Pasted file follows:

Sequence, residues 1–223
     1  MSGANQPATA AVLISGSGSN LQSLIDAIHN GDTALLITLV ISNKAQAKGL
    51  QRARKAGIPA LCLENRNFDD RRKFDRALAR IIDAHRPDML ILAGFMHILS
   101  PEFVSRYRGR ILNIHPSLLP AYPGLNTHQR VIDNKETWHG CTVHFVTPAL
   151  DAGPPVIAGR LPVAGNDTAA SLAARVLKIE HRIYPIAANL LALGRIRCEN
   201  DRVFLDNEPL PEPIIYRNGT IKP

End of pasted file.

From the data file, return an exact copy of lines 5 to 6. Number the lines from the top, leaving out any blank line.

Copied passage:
   151  DAGPPVIAGR LPVAGNDTAA SLAARVLKIE HRIYPIAANL LALGRIRCEN
   201  DRVFLDNEPL PEPIIYRNGT IKP